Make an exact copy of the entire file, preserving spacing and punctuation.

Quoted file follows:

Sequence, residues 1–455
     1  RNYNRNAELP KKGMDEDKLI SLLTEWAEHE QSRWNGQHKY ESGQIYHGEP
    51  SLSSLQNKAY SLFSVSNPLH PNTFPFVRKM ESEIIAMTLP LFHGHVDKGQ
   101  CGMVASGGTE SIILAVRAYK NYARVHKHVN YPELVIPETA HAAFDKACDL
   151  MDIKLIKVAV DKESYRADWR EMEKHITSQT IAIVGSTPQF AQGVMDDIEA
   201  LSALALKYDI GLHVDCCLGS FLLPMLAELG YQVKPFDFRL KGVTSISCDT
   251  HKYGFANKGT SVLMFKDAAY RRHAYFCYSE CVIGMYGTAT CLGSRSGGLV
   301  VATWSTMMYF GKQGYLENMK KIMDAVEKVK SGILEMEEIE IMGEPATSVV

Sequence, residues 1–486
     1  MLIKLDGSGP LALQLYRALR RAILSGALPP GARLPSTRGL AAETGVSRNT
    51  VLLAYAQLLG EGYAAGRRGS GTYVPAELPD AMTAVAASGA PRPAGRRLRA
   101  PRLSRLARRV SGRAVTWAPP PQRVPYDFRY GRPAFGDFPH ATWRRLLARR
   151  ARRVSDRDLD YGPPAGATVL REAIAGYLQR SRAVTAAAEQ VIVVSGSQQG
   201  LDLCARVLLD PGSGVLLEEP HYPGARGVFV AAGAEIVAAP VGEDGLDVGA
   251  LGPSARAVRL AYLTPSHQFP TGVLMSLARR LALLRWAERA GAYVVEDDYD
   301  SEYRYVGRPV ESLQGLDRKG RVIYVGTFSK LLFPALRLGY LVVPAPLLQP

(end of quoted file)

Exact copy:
Sequence, residues 1–455
     1  RNYNRNAELP KKGMDEDKLI SLLTEWAEHE QSRWNGQHKY ESGQIYHGEP
    51  SLSSLQNKAY SLFSVSNPLH PNTFPFVRKM ESEIIAMTLP LFHGHVDKGQ
   101  CGMVASGGTE SIILAVRAYK NYARVHKHVN YPELVIPETA HAAFDKACDL
   151  MDIKLIKVAV DKESYRADWR EMEKHITSQT IAIVGSTPQF AQGVMDDIEA
   201  LSALALKYDI GLHVDCCLGS FLLPMLAELG YQVKPFDFRL KGVTSISCDT
   251  HKYGFANKGT SVLMFKDAAY RRHAYFCYSE CVIGMYGTAT CLGSRSGGLV
   301  VATWSTMMYF GKQGYLENMK KIMDAVEKVK SGILEMEEIE IMGEPATSVV

Sequence, residues 1–486
     1  MLIKLDGSGP LALQLYRALR RAILSGALPP GARLPSTRGL AAETGVSRNT
    51  VLLAYAQLLG EGYAAGRRGS GTYVPAELPD AMTAVAASGA PRPAGRRLRA
   101  PRLSRLARRV SGRAVTWAPP PQRVPYDFRY GRPAFGDFPH ATWRRLLARR
   151  ARRVSDRDLD YGPPAGATVL REAIAGYLQR SRAVTAAAEQ VIVVSGSQQG
   201  LDLCARVLLD PGSGVLLEEP HYPGARGVFV AAGAEIVAAP VGEDGLDVGA
   251  LGPSARAVRL AYLTPSHQFP TGVLMSLARR LALLRWAERA GAYVVEDDYD
   301  SEYRYVGRPV ESLQGLDRKG RVIYVGTFSK LLFPALRLGY LVVPAPLLQP